Nestled amidst some of London’s most iconic landmarks, St. James Park is a verdant oasis. As the oldest of the capital’s eight Royal Parks, it boasts a pristine lake with resident pelicans, well-curated flower beds, and sweeping views of both Buckingham and St. James’s Palace.
A harmonious blend of regal elegance and modern allure, Kensington is renowned for its grand Victorian architecture and world-class museums. The district offers an array of attractions, from the tranquillity of Kensington Gardens to the historic allure of Kensington Palace.
The area’s High Street is a shopping lover’s dream, dotted with fashion-forward boutiques and gourmet restaurants. Rich in cultural offerings, it’s home to institutions like the Royal Albert Hall, making it a hub of both leisure and learning.
5. Maida Vale
6. Covent Garden
Beyond retail and dining, the area boasts rich cultural institutions, such as the Royal Opera House. Whether you’re drawn by its artistic essence, architectural beauty, or its buzzing atmosphere, Covent Garden promises a multifaceted experience you are sure to love.
7. Green Park
8. Regent’s Park
Popular London Walking Itineraries
South Bank Stroll
Starting Point: London Eye – Kick off your walk at one of London’s most recognizable landmarks. This gigantic observation wheel provides a panoramic view of the city, setting the tone for your excursion.
Main Attractions: As you make your way along the River Thames, enjoy the street performances outside the National Theatre and the book market under Waterloo Bridge. Soon, you’ll encounter the Tate Modern, a former power station turned art gallery, housing some of the world’s most renowned modern artworks.
Ending Point: Tower Bridge – Conclude your stroll at this iconic bascule and suspension bridge. The glass-floored walkways of Tower Bridge provide a unique view of the river and the city below, wrapping up your journey on a memorable note.
Parliament to Oxford Street
Starting Point: Houses of Parliament – Begin your walk at this emblem of British democracy. The neo-Gothic architecture combined with the history it holds makes for a truly impressive start.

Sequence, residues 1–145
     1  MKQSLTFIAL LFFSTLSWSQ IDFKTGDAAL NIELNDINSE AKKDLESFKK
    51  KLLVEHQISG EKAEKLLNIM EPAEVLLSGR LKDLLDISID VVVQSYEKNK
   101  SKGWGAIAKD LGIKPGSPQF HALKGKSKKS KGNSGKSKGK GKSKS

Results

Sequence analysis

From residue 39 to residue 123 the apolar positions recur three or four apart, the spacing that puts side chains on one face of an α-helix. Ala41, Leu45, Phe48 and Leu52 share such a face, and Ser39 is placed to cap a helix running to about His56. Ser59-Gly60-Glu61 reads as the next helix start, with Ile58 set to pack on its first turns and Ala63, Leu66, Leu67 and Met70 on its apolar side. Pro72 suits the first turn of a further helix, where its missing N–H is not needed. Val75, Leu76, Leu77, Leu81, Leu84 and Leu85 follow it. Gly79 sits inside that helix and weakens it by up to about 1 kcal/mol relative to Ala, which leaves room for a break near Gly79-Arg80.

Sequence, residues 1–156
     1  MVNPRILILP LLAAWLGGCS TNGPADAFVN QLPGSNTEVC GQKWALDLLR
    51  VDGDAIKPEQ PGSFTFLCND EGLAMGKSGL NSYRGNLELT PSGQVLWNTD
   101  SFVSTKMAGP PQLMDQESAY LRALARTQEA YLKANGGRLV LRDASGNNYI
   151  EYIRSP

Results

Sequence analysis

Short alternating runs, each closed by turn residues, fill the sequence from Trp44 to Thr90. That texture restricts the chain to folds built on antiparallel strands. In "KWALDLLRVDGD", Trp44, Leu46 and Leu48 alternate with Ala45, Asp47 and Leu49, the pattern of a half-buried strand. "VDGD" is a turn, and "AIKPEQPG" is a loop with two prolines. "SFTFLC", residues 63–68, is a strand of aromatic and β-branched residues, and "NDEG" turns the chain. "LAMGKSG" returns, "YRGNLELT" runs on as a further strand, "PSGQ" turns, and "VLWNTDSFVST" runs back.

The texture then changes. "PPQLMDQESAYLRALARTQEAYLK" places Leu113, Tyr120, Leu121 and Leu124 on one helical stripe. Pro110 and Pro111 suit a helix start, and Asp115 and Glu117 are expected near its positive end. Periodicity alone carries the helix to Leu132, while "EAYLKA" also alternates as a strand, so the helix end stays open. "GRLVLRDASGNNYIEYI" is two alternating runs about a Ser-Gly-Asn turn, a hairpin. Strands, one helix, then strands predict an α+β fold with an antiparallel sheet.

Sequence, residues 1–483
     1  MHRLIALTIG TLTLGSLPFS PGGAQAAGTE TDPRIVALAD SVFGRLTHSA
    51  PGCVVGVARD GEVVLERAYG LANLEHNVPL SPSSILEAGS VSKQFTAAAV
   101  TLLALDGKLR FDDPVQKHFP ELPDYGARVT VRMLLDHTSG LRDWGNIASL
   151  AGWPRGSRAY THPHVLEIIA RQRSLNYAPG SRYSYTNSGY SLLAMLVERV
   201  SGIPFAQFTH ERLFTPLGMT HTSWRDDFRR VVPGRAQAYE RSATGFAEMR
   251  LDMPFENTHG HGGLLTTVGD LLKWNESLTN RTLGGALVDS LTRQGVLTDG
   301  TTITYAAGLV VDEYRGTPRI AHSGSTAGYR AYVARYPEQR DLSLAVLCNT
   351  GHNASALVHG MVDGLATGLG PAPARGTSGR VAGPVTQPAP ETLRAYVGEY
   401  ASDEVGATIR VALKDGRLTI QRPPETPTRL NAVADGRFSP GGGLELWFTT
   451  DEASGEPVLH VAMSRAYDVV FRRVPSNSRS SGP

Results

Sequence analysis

Main Attractions: Next take in the majestic Westminster Bridge and make your way to Whitehall. Here, sights like the Cenotaph war memorial and the mounted guards of Horse Guards Parade await. As you continue, you’ll find yourself at Trafalgar Square, where the towering Nelson’s Column and the National Gallery demand a halt.
Ending Point: Oxford Street – Your journey culminates at Europe’s busiest shopping street. Whether you’re into high-end brands or street fashion, the myriad of shops here caters to every taste. It’s a fitting end, merging the city’s historic charm with its modern-day vibrancy.
Royal Route in Kensington
Starting Point: Kensington Palace – Dive into royal history by starting at the former residence of Queen Victoria and the birthplace of Queen Mary. The State Rooms and Gardens are worth exploring.
Main Attractions: As you meander through the Kensington Gardens, you’re enveloped in a serene landscape peppered with intriguing attractions like the Peter Pan Statue and the Albert Memorial. The tree-lined paths are calming, making it easy to lose track of time.
Ending Point: Natural History Museum – Your walk concludes at this cathedral to nature. From the grand Hintze Hall, holding the skeleton of a blue whale, to the mesmerising minerals in The Vault, the museum is a treasure trove of natural wonders, making for a grand finale to your royal Kensington journey.
What to avoid when looking for walkable areas in London
London, with its rich history and vibrant culture, offers plenty of walkable areas that allow visitors to explore its charm on foot, however, when selecting the ideal place to stay and wander, some regions might not offer the quintessential London walking experience.
Here’s what you should steer clear of:
The expansive city of London encompasses many suburban districts, which, while offering a quieter, more residential vibe, might not be the best for those looking to amble through iconic attractions and lively streets.
Areas like Barking, Hillingdon, or Havering might give you a glimpse of suburban London life, but they are quite distant from the central hotspots. Their sparse attractions and amenities mean you might find yourself waiting more at train stations than wandering through bustling streets.
Areas Dominated by Industrial or Commercial Activities
Some regions in London are primarily dedicated to business or industrial activities. These zones might not be pedestrian-friendly and can lack the cultural or recreational spots you might be seeking.